Prosthetics are one of the major accomplishments that have been made in the industry. Even though the creation of prosthetics was well known for years, many people did not have access to it due to a few factors. Traditional prosthetics can cost thousands of dollars to make and will also take several days to produce. Not only that, traditional prosthetics usually last a few years, and when it comes to children, even less because of their rapidly growing bodies. 

All of those issues are being solved by 3-D printed prosthetics. First of all,  a 3-D printed prosthetic can save thousands of dollars with its low cost. Secondly,  they are quick to make from anywhere between a few hours to a day. They are also highly customized because the prosthetics are designed to fit their owner.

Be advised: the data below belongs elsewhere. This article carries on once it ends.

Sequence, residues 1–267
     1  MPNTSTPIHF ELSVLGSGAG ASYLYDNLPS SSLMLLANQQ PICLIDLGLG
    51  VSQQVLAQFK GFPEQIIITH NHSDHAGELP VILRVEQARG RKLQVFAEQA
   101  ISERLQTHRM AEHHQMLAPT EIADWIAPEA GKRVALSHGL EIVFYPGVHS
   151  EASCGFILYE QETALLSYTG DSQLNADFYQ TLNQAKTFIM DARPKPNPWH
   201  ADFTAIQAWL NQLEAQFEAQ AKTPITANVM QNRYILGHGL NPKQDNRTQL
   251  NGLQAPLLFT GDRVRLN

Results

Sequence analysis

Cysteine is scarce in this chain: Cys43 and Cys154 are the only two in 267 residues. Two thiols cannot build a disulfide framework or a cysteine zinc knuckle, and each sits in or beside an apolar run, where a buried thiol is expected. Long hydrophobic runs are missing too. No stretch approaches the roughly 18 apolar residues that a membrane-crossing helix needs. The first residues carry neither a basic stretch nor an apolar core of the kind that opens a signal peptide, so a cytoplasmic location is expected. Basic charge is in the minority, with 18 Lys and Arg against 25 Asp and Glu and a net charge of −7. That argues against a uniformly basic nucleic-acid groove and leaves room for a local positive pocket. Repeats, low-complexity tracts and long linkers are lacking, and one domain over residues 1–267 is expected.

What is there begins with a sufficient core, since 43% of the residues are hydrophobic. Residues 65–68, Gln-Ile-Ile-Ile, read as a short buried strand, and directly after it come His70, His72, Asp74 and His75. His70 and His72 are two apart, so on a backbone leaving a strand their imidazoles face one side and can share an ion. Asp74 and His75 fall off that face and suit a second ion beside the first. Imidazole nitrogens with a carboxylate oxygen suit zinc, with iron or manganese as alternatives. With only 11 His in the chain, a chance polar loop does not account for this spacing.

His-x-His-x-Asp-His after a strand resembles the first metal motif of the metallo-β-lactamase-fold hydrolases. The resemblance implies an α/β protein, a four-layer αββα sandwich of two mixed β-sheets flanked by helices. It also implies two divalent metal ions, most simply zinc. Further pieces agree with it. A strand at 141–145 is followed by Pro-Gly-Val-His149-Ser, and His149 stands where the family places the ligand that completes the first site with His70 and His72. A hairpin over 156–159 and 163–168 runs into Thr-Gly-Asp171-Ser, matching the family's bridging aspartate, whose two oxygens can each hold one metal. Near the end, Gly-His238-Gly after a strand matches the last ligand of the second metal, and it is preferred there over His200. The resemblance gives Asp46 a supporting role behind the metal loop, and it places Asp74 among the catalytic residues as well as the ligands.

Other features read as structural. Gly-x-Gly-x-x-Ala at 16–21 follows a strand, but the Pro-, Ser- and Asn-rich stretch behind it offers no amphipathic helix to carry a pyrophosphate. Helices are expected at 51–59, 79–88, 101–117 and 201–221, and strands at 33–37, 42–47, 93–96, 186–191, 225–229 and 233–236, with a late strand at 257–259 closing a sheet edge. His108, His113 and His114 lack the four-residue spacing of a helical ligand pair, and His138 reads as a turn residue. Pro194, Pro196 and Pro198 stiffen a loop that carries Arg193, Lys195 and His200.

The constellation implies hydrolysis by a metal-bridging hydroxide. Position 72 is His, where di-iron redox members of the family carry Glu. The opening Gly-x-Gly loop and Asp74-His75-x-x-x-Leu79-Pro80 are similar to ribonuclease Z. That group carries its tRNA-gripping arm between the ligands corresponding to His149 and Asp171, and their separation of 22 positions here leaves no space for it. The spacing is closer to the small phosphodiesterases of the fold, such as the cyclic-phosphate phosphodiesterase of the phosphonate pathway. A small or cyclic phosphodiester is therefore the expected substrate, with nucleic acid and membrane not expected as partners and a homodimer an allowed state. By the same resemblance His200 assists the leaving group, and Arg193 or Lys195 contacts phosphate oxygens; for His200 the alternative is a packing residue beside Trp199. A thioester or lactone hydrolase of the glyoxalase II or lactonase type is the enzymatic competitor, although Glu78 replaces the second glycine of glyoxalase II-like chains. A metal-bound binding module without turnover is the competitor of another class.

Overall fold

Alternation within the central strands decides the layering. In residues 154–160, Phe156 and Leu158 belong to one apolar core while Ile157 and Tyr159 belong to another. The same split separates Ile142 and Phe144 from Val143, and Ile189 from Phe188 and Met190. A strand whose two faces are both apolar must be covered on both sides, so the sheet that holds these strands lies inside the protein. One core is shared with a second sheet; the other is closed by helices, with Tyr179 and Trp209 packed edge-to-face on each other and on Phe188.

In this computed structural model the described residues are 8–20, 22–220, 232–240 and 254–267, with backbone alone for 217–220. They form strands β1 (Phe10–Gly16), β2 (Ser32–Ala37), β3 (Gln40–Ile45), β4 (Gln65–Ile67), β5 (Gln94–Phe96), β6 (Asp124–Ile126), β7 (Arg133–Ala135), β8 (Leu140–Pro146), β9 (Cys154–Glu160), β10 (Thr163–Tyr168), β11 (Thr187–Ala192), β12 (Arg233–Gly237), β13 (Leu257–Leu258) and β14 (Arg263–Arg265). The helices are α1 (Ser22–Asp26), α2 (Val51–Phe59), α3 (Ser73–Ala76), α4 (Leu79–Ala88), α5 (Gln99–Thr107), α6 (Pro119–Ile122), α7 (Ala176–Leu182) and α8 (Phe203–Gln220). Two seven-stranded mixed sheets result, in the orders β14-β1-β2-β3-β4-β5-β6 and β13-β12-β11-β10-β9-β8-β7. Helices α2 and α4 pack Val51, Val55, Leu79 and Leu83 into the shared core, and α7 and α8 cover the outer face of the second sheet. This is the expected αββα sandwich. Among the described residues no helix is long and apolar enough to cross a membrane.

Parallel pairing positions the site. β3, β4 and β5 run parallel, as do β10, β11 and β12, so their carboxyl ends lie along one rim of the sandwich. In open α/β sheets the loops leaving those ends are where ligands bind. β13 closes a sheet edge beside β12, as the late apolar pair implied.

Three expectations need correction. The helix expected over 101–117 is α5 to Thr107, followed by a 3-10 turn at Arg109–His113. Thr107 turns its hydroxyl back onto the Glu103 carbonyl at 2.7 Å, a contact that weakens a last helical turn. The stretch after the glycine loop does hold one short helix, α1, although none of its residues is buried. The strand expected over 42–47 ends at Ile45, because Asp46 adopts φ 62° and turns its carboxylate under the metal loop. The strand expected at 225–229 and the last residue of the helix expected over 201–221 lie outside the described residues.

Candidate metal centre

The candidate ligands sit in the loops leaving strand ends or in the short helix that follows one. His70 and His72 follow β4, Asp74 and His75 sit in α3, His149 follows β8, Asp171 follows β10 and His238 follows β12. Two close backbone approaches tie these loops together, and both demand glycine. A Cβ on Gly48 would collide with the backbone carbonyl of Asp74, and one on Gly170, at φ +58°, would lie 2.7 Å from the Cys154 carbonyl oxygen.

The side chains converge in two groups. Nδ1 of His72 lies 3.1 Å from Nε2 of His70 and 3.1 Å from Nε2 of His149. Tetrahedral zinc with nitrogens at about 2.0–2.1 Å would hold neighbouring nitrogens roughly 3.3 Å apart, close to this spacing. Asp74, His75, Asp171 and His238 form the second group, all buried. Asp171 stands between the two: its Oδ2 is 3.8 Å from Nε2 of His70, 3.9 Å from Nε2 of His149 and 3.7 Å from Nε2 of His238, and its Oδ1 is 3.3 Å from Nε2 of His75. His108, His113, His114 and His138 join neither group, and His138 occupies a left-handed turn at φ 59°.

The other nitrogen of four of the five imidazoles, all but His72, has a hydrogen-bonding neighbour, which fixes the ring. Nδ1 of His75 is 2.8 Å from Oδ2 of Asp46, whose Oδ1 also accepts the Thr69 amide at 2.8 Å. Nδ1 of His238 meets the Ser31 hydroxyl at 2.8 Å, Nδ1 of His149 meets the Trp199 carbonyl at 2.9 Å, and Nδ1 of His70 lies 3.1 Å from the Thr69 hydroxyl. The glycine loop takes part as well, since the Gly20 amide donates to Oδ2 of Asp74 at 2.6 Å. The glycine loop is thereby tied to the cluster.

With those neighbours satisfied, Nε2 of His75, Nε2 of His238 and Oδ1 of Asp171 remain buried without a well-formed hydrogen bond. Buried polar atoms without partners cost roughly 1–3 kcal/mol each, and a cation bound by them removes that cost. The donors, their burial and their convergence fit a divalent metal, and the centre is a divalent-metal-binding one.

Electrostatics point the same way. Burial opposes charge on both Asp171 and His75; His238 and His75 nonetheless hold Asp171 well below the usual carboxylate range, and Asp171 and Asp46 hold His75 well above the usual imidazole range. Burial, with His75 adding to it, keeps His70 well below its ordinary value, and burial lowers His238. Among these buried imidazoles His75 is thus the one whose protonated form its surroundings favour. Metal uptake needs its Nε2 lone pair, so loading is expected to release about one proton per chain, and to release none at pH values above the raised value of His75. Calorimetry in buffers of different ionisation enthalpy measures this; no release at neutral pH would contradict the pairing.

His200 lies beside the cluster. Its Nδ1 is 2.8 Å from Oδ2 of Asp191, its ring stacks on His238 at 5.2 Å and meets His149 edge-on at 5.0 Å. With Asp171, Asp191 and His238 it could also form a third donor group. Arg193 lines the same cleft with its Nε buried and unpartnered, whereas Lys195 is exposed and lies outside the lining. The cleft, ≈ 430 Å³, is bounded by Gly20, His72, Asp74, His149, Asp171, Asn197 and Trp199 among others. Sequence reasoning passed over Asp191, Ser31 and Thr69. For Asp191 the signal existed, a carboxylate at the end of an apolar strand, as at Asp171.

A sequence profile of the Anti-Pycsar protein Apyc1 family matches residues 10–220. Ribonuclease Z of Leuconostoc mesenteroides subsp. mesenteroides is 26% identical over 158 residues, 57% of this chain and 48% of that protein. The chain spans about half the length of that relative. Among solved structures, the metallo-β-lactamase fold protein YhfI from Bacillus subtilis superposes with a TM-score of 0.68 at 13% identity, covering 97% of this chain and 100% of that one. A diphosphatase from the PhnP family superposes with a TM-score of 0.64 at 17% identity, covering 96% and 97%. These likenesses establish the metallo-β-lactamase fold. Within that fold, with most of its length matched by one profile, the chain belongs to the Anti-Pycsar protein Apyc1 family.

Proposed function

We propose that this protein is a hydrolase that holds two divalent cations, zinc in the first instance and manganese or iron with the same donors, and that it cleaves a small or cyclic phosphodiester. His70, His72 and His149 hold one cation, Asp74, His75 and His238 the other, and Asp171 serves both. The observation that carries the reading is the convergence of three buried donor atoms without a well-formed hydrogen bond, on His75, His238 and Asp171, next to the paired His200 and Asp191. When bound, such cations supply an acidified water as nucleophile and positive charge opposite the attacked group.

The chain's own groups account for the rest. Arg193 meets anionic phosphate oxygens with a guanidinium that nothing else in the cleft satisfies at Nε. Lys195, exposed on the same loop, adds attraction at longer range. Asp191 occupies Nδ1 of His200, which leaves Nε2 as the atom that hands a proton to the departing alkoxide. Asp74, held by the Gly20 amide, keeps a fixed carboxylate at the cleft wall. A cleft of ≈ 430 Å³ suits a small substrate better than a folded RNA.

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Now all these benefits come with a few setbacks. The biggest issue concerning 3-D printed prosthetics is that they are not very durable. Because they have been made with layer upon layer of hot plastic, they can sometimes be broken easily when pushed or pulled the wrong way. Unlike traditionally made prosthetics, not every prosthetic is tested and approved. 3-D printed prosthetics are also not always made by trained professionals who have years of experience in the craft which can lead to minor problems with said prosthetics. 3-D printed prosthetics also have a limited number of materials they are made up of because not every material can be used in 3D printing. That is another reason why 3-D printed prosthetics are usually not as durable as traditionally made ones.